Located on the outskirts of Benicia, the Benicia State Recreation Area has the combined waters of fourteen tributaries of the San Joaquin and Sacramento rivers surging through the Carquinez Strait and into San Pablo Bay. For more than a hundred years, these waters have carried clay and silt from the timber logging sites and hydraulic gold mines of the Sierra.
Most of the recreation area is made up of marsh and mudflat, and both provide habitat for endangered and unusual species. The state area covers 720 acres of grassy hillsides, marsh, and rocky beaches located along the narrowest portion of the Carquinez Strait. There are day-use areas that offer spectacular views of the bay, and a quiet and breezy refuge from urban demands.
Cyclists, equestrians, roller skaters, walkers, and pet parents with their pooches frequent the park. The road and bike paths are always busy. Other more popular activities are fishing, picnicking, and bird watching. The presence of dogs is embraced at the park, but they must constantly be on a leash. There are no dog scooper bags available, so pet parents must bring some to use.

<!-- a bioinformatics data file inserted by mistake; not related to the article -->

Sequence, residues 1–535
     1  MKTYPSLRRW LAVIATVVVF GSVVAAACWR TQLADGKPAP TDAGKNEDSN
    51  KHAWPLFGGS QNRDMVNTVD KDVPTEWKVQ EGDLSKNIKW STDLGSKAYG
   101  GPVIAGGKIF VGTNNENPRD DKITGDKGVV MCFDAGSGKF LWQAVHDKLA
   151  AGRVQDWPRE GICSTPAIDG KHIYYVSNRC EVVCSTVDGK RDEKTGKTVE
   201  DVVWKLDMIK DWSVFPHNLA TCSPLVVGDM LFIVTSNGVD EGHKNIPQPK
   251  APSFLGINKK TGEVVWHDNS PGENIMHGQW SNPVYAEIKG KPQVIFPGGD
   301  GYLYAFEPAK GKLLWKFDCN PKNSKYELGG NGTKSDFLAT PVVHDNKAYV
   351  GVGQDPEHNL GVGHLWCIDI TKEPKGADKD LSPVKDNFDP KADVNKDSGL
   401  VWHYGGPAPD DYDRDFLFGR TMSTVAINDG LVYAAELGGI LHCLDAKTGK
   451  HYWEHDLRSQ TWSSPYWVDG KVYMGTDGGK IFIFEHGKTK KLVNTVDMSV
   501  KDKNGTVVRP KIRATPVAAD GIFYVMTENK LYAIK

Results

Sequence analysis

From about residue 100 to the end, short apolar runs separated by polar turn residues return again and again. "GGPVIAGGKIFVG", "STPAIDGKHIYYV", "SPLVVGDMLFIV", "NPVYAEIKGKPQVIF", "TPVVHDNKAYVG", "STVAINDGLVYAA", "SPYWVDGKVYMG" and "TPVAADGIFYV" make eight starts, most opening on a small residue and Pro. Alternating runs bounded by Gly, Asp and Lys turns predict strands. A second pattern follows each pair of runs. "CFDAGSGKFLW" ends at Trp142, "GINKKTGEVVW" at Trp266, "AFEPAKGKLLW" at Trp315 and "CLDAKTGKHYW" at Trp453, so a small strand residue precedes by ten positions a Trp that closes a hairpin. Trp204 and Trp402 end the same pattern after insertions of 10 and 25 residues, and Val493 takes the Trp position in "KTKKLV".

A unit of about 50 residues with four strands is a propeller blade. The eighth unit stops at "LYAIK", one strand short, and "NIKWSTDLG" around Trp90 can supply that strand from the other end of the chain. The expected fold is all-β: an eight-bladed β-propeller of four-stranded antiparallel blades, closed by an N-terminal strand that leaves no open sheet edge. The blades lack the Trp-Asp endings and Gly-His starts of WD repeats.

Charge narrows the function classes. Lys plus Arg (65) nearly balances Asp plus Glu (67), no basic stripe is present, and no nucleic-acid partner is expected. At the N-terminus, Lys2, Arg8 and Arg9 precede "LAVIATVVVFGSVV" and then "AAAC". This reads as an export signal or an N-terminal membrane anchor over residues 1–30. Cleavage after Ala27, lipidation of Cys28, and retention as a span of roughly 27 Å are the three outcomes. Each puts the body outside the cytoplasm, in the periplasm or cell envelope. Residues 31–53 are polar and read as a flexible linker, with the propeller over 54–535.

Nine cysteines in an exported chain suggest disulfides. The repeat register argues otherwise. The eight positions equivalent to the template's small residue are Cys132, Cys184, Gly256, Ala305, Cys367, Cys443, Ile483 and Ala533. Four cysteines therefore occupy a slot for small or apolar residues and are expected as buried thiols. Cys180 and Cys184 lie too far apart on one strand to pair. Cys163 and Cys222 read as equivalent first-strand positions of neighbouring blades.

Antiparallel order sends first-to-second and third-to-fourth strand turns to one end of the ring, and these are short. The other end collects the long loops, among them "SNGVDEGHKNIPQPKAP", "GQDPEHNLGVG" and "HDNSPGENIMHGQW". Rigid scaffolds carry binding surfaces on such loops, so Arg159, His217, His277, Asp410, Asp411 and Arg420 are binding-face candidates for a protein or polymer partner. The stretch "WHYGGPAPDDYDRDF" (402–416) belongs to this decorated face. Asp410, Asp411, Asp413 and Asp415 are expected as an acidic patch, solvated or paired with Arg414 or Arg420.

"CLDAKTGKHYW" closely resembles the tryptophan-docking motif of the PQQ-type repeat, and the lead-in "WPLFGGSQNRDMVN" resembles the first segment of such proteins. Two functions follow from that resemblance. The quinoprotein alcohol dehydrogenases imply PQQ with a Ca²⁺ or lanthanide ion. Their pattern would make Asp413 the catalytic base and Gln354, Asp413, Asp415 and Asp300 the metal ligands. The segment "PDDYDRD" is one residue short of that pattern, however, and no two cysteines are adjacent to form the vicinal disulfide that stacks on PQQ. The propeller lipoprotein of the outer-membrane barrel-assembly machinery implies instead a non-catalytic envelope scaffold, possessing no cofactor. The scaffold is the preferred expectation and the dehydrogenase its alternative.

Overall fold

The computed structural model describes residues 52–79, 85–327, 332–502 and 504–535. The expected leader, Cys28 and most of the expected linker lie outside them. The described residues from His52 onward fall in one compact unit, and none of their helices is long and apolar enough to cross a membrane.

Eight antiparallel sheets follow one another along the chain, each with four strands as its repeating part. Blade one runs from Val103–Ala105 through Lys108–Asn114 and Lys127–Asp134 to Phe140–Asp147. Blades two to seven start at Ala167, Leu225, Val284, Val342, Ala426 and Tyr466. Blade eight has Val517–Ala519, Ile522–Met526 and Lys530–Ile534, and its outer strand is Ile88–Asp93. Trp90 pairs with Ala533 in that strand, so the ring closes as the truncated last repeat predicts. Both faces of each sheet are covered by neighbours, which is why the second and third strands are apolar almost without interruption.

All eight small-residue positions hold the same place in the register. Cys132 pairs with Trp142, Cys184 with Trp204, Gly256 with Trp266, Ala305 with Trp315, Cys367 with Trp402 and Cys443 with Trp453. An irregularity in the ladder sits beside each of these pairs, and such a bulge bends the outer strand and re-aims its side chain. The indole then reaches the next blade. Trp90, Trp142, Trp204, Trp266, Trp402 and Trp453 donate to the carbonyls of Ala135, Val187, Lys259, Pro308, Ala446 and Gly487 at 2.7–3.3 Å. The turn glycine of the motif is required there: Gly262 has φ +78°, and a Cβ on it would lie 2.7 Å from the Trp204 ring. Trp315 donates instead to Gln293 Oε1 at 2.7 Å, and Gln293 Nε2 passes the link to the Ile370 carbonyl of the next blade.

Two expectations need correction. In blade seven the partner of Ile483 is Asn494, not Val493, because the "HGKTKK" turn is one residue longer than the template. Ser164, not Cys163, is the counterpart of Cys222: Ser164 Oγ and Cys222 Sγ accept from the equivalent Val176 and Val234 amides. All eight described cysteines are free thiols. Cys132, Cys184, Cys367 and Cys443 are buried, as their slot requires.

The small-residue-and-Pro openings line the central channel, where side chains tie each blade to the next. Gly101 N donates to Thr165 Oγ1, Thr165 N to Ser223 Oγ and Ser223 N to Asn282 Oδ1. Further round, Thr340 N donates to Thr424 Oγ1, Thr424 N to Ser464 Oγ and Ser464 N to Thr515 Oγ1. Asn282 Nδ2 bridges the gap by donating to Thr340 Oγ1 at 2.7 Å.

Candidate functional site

If you visit the Benicia State Recreation Area during the right season, you might be able to pick wild berries. There is plenty of space for large campsites. There are no hookups; however, there is a water faucet in the middle of the three camping spots. Vehicles can access the park through a toll gate with a parking fee of $6 charged accordingly.
However, it may be difficult to find parking spaces inside. Fitness enthusiasts and active gym persons will find the area ideal if they want a break from their usual gym routine. There is equipment for dips and pull-ups. The climate is generally cold and windy year-round, but there is frequent fog. There is an average rainfall of three inches during winter months, and temperatures range from 40 to 101 degrees. Layered clothing is recommended as the weather always changes.